Avoiding Speculative Self-Talk

Unchecked self-talk can easily turn into self-delusion. The stories we create almost always make you look like the good guy and cannot be termed as objective.

  • The way to get out of this speculative self-delusion is to avoid any speculation about other people's anger, at least initially.
  • Make sure to note down the facts of the situation. This can make the story less according to your gut instinct, and more towards the objective reality.
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@nat_nn28

Love & Family

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Anger and Aggression
  • Anger: An emotion felt when we believe we have been wronged.
  • Aggression: is an act of expression of the anger, by our words our actions. Aggression can be insults, sarcasm, shouting or physical forms like breaking things. It can also manifest itself in stress, loneliness, anxiety, guilt, or awkwardness.

When we criticize the anger, we are providing fuel to the fire, leading to further aggression on the angry person's part. If we ignore and give in, we are setting a wrong example and the person learns that it is ok and effective to be angry.

  • We can try and validate the anger felt by an individual by making them know that their anger is maybe justified while putting firm but respectful boundaries on their aggression.
  • We then need to be clear about what type of aggression we are willing to tolerate, setting boundaries on the unacceptable.
  • We may have to put our foot down and be ready to leave the conversation or escalate the issue, without falling into the trap of guilt and emotion.
  • If possible, we need to restart the conversation when things have cooled down, and diffuse the issue in a calm way.
There are certain predictable situations, times, events and triggers where anger appears. Sometimes when we act spontaneously or reactively, the other person can get stressed and defensive, and the symptoms for those emotions can be misinterpreted as anger.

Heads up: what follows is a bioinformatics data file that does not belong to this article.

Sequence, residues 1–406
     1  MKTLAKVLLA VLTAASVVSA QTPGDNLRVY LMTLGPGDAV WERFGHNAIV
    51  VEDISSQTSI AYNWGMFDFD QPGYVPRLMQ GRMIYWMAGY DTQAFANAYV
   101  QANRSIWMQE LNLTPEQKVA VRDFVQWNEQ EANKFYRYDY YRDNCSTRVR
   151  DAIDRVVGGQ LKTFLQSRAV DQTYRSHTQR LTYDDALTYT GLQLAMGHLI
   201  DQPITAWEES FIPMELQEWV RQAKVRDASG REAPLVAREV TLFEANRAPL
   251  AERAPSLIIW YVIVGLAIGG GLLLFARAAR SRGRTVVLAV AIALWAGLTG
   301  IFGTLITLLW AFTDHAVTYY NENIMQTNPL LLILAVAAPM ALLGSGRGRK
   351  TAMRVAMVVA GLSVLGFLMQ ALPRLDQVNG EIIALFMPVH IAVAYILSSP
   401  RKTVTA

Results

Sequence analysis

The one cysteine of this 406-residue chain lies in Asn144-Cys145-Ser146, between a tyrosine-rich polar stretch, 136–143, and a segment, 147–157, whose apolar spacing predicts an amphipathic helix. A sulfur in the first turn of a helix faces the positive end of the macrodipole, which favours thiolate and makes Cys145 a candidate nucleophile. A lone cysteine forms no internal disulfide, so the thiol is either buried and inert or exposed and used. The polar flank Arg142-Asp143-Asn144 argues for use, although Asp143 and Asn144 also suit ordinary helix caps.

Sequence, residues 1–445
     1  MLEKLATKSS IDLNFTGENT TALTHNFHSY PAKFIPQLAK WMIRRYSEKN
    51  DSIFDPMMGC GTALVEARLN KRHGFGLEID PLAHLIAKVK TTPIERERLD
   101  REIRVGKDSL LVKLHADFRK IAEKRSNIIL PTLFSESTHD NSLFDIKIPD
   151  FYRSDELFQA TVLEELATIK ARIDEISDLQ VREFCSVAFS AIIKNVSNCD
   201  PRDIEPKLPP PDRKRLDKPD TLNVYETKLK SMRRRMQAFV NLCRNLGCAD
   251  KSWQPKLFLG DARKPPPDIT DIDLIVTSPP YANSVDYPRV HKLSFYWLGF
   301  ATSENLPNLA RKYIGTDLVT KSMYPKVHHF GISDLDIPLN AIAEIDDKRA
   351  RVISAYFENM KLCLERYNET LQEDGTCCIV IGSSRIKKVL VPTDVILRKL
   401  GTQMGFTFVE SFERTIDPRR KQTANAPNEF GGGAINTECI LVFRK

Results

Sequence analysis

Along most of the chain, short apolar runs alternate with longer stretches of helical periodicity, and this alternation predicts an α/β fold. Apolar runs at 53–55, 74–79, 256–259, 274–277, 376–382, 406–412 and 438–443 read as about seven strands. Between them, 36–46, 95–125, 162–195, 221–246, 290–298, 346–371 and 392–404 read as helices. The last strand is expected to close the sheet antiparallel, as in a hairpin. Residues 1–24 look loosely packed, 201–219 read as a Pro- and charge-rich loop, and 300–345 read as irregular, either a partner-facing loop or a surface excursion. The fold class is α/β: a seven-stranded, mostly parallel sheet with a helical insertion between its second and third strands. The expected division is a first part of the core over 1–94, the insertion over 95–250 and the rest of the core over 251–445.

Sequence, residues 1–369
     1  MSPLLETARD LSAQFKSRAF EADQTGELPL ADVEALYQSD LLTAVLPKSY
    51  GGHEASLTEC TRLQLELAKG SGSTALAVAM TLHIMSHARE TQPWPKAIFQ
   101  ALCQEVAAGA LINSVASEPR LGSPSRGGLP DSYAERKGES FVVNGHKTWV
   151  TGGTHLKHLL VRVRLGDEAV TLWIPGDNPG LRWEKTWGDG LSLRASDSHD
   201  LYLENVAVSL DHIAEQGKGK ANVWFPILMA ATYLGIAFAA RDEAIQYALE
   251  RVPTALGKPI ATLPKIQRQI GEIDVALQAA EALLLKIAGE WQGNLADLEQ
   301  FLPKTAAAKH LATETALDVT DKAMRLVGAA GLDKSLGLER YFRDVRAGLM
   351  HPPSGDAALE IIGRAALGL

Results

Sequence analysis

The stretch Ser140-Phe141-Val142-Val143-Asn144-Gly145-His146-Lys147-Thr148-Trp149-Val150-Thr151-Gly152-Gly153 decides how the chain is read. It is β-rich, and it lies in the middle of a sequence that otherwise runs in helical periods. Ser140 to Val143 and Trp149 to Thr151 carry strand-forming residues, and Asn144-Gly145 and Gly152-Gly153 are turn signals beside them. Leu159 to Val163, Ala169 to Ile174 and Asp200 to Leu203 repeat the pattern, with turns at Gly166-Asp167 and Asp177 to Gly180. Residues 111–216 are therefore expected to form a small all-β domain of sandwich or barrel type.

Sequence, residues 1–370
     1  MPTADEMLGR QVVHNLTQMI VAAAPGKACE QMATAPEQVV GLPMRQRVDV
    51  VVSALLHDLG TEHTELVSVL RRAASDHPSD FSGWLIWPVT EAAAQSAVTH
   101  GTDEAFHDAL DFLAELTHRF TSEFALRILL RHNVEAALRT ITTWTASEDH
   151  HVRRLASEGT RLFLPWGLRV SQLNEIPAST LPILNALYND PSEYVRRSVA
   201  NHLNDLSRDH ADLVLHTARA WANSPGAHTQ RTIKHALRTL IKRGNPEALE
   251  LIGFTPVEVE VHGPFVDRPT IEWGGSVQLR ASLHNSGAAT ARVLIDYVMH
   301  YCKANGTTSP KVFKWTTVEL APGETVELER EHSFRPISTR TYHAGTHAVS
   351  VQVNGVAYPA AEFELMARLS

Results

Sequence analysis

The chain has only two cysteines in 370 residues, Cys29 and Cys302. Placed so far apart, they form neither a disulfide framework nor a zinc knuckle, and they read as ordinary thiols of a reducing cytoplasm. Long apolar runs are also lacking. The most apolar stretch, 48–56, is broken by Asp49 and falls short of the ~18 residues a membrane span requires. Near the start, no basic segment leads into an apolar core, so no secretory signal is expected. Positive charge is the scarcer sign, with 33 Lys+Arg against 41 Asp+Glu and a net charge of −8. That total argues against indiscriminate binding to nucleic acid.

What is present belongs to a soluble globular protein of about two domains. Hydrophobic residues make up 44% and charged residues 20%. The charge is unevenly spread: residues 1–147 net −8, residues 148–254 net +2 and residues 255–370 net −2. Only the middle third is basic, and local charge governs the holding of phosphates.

A way out of this is to approach conversations in a planned way, with thought and preparation. If we can understand the patterns of other people's anger, we can anticipate them and handle them better.

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Dealing with your anger

Anger leads us to poor decisions, regrettable behavior, or hurt feelings. However, some anger leads to more significant consequences, like strained relationships or legal trouble.

The key to dealing with your anger more effectively is to understand how it works.

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IDEAS

Instead of viewing someone’s bad mood as a problem to be fixed, if your perspective slightly and try to see it as a puzzle.

When you shift from problem-thinking to puzzle-thinking, your mindset becomes driven by curiosity rather than morality. And it’s easier to be validating, understanding, and empathetic, which is what most people experiencing strong, painful emotions really need.

Passive-Aggressive Behaviour

Passive-Aggressive behaviour is a hidden, manipulative form of anger, generally used to avoid direct communication. The passive-aggressive person tries to leverage their behaviour using tactics like inaction, avoidance, withdrawal, or silence, to manipulate the other person.

This behaviour arises mostly due to the way an individual has been brought up. Many families do not have core values and discourage emotional expression or communication.

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